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Adaptive optics schemes for future extremely large telescopes

Gontcharov, Alexander LU ; Owner-Petersen, Mette LU ; Andersen, Torben LU and Beckers, JM (2002) In Optical Engineering 41(5). p.1065-1072
Abstract
The adaptive optics for any telescope in the 25- to 100-m class will be complex. It is believed that adaptive optics should, to the maximum extent, be designed as an integrated part of a telescope. The proposed Swedish 50-m Extremely Large Telescope is considered here to illustrate the principle of integrated adaptive optics. Two alternative designs both using the Ritchey-Chretien telescope system and laser guide star (LGS) reference sources are presented. The first design employs trombone optics, which bring the laser guide star images back to the normal Ritchey-Chretien focal surface (referred to as the RC-focus) from the LGS focal surface (referred to as the LRC-focus), and a layer-oriented wavefront sensor system optically performing... (More)
The adaptive optics for any telescope in the 25- to 100-m class will be complex. It is believed that adaptive optics should, to the maximum extent, be designed as an integrated part of a telescope. The proposed Swedish 50-m Extremely Large Telescope is considered here to illustrate the principle of integrated adaptive optics. Two alternative designs both using the Ritchey-Chretien telescope system and laser guide star (LGS) reference sources are presented. The first design employs trombone optics, which bring the laser guide star images back to the normal Ritchey-Chretien focal surface (referred to as the RC-focus) from the LGS focal surface (referred to as the LRC-focus), and a layer-oriented wavefront sensor system optically performing the averaging "shift and add" in the final focus. According to this procedure, sensed wavefronts are overlapped with a certain mutual shift and added for estimation of wavefront average slope values, resulting in actuator commands for driving the shape of the cleformable mirrors. The second design employs a numerical "shift and add" procedure and has two wavefront sensors. The first one performs LGS sensing in an intermediate focus (LRC-focus), giving the input data for an analytical algorithm for deriving the mirror deformations to correct for atmospheric turbulence. By using an artificial laser source at the intermediate focus, the shape of the second cleformable mirror is controlled by a second wavefront sensor in the final focus. The capability of the analytical algorithm to derive the mirror corrections from the measured wavefronts ensures proper functioning of the adaptive optics system. This system has a simpler optical design compared to the first design. (C) 2002 Society of Photo-Optical Instrumentation Engineers. (Less)
Please use this url to cite or link to this publication:
author
organization
publishing date
type
Contribution to journal
publication status
published
subject
keywords
wavefront sensors, adaptive optics, telescopes, optical systems
in
Optical Engineering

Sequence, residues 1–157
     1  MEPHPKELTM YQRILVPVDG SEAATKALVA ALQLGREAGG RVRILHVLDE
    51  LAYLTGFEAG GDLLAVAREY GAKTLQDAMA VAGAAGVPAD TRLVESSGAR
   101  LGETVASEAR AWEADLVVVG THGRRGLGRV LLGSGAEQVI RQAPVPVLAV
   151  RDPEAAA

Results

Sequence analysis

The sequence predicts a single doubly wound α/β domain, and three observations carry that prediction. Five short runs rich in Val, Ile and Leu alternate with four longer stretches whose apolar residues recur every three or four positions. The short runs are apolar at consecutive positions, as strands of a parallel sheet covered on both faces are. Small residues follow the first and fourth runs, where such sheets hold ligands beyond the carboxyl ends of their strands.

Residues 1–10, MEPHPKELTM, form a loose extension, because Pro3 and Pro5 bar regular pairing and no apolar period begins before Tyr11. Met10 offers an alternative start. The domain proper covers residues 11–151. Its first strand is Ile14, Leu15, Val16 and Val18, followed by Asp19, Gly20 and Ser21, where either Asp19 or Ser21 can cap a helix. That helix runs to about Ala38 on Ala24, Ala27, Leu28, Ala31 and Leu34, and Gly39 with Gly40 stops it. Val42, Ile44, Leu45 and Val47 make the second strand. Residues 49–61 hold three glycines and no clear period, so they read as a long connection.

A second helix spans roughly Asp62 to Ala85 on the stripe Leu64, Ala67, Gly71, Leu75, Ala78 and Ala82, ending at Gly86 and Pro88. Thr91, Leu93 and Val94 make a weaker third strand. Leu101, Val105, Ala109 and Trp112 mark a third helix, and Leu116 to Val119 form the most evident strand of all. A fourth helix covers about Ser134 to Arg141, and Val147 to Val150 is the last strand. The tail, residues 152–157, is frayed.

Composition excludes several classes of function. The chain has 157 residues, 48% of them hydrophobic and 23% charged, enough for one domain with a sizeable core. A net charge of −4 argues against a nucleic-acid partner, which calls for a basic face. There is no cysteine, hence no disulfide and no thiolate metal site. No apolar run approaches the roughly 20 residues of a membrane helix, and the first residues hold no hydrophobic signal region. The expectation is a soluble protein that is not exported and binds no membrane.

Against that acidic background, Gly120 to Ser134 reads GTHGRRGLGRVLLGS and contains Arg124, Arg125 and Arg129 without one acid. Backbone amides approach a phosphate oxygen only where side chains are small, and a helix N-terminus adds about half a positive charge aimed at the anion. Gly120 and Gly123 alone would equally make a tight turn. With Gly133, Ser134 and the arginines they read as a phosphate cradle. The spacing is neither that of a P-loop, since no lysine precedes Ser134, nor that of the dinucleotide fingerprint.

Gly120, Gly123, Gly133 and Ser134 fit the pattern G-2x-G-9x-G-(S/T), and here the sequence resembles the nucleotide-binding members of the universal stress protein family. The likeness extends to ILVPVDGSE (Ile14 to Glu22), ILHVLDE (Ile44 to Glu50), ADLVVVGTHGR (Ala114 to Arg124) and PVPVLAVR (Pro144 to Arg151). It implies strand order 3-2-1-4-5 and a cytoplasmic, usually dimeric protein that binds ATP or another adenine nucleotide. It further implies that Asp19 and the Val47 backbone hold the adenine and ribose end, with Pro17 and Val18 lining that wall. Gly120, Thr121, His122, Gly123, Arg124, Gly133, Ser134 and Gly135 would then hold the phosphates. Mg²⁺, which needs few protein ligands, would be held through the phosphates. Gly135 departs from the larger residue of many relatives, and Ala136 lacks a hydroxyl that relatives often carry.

volume
41
issue
5
pages
1065 - 1072
publisher
SPIE
external identifiers
  • wos:000175583500022
  • scopus:0036576325
ISSN
0091-3286
DOI
10.1117/1.1466461
language
English
LU publication?
yes
id
81b4cb42-a970-4ab0-872e-08b51f014e24 (old id 337422)
date added to LUP
2007-08-20 16:45:38
date last changed
2017-01-01 06:44:10
@article{81b4cb42-a970-4ab0-872e-08b51f014e24,
  abstract     = {The adaptive optics for any telescope in the 25- to 100-m class will be complex. It is believed that adaptive optics should, to the maximum extent, be designed as an integrated part of a telescope. The proposed Swedish 50-m Extremely Large Telescope is considered here to illustrate the principle of integrated adaptive optics. Two alternative designs both using the Ritchey-Chretien telescope system and laser guide star (LGS) reference sources are presented. The first design employs trombone optics, which bring the laser guide star images back to the normal Ritchey-Chretien focal surface (referred to as the RC-focus) from the LGS focal surface (referred to as the LRC-focus), and a layer-oriented wavefront sensor system optically performing the averaging "shift and add" in the final focus. According to this procedure, sensed wavefronts are overlapped with a certain mutual shift and added for estimation of wavefront average slope values, resulting in actuator commands for driving the shape of the cleformable mirrors. The second design employs a numerical "shift and add" procedure and has two wavefront sensors. The first one performs LGS sensing in an intermediate focus (LRC-focus), giving the input data for an analytical algorithm for deriving the mirror deformations to correct for atmospheric turbulence. By using an artificial laser source at the intermediate focus, the shape of the second cleformable mirror is controlled by a second wavefront sensor in the final focus. The capability of the analytical algorithm to derive the mirror corrections from the measured wavefronts ensures proper functioning of the adaptive optics system. This system has a simpler optical design compared to the first design. (C) 2002 Society of Photo-Optical Instrumentation Engineers.},
  author       = {Gontcharov, Alexander and Owner-Petersen, Mette and Andersen, Torben and Beckers, JM},
  issn         = {0091-3286},
  keyword      = {wavefront sensors,adaptive optics,telescopes,optical systems},
  language     = {eng},
  number       = {5},
  pages        = {1065--1072},
  publisher    = {SPIE},
  series       = {Optical Engineering},
  title        = {Adaptive optics schemes for future extremely large telescopes},
  url          = {http://dx.doi.org/10.1117/1.1466461},
  volume       = {41},
  year         = {2002},
}